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Strengthening Families – All-Party Parliamentary Group for Adoption & Permanence

The Care Review, The Spending Review - Is any of it enough?

The long awaited APPGAP report relating to adoption and permanence has now been published. Its title is “Strengthening Families: Improving Stability for Adopted Children”.

Download the APPGAP report

Download PDF • 2.17MB

The report states: –

“This inquiry was conducted to feed into the Independent Review of Children’s Social Care in England, to ensure that the experiences and needs of adopted children and their families are taken into consideration as part of this ‘once-in-a-generation’ review.”

“One of the central conclusions of the inquiry is that the adoption sector needs a paradigm shift from ‘family finding’ to ‘family building’.”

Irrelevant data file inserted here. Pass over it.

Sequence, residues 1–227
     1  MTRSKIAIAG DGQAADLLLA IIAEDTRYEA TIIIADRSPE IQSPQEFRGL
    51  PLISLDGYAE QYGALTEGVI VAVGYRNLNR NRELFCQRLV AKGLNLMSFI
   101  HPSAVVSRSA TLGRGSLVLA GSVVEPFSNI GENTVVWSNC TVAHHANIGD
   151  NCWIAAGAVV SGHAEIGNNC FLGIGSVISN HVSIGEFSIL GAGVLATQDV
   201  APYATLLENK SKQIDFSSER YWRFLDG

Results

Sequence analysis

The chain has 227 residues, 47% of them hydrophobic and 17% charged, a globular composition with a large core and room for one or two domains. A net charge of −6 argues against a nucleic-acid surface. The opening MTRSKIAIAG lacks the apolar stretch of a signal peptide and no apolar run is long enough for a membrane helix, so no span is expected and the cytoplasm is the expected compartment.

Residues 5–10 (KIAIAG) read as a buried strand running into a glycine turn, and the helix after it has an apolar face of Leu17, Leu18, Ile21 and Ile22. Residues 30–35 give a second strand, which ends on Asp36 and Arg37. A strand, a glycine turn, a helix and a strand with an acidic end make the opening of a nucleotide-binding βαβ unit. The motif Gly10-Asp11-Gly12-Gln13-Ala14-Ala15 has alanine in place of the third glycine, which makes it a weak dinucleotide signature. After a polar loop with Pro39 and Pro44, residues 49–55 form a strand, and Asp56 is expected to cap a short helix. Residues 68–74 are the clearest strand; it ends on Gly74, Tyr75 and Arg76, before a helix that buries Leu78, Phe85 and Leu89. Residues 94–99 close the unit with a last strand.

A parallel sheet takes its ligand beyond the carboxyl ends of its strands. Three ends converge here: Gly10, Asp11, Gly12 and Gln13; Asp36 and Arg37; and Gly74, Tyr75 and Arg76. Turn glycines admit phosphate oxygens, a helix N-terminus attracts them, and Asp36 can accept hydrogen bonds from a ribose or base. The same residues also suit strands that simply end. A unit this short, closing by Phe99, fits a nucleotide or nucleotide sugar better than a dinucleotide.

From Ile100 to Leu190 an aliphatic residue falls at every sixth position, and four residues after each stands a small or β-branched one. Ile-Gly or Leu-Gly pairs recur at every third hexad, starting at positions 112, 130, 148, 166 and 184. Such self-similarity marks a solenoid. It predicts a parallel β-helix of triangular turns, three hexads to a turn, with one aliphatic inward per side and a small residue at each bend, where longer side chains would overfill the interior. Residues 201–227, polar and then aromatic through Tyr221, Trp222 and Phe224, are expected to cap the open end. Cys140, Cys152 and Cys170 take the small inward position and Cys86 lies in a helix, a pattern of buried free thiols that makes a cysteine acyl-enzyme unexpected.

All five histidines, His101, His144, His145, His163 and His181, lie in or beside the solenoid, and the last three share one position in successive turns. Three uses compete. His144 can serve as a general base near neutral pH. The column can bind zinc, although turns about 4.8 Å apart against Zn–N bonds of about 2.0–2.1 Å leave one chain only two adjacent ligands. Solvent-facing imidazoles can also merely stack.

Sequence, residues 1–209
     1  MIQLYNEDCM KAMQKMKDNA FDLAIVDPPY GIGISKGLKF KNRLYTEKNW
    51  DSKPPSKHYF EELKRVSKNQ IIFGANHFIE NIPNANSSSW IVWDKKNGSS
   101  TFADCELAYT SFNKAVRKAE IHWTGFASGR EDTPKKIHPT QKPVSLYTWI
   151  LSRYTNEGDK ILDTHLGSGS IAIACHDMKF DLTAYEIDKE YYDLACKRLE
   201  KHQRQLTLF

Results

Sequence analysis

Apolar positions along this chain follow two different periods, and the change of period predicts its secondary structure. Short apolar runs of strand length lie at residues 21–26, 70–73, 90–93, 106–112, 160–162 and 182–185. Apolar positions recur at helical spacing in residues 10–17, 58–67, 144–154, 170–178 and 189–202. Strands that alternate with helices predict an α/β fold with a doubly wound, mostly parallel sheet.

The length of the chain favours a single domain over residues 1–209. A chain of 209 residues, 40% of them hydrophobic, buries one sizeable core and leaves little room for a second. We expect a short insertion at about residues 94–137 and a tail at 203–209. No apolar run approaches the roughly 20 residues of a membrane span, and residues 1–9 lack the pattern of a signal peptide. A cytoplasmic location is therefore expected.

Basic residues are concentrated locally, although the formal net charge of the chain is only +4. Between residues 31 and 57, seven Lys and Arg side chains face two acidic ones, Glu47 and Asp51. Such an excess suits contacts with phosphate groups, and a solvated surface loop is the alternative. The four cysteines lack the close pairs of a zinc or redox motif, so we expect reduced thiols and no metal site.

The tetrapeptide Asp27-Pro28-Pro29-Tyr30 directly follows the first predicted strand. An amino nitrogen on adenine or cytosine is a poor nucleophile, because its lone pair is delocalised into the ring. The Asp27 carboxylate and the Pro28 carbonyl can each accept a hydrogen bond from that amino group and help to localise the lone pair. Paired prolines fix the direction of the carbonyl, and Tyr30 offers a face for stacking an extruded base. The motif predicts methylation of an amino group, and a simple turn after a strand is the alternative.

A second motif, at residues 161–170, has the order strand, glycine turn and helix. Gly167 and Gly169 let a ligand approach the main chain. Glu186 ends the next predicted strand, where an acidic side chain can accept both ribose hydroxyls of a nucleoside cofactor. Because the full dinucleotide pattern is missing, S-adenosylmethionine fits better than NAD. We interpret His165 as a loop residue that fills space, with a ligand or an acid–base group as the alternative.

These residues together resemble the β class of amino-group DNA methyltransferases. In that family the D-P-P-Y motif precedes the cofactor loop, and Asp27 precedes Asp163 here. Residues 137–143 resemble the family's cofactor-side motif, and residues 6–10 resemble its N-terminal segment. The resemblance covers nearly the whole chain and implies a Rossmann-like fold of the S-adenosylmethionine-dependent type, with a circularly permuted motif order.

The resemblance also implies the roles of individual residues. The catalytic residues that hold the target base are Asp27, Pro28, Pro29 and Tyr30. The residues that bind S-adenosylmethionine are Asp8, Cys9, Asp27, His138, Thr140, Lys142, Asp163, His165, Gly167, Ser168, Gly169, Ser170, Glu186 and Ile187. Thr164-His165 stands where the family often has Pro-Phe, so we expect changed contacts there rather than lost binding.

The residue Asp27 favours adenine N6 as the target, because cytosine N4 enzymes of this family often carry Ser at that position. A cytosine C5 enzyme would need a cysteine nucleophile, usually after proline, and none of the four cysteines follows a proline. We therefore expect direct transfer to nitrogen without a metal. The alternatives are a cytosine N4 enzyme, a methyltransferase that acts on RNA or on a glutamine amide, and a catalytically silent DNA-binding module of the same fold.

The ongoing care review of Children’s social care in England may make some reference to the difficulties and issues for the Potato groups membership and we hope that the spending review will not only focus on the first 1001 days of a Childs life, but also on the family life of children where they are no longer able to live with their 1st families.

There have been many ‘reports’ but who actually listens and hears the real lived experiences of loved, but traumatised children, teens, young adults and us their adopters, special guardians or kinship carers? More importantly, who will listen enough to actually bring about paradigm shifts in the Children’s Social Care system?

Potato response to the APPGAP Report

So – did the report and recommendations go far enough?

On a positive note, we recognise that there now appears to be an understanding that sometimes it is absolutely necessary for us to parent at a distance and that re-entry to the care system should not be viewed as adoption disruption.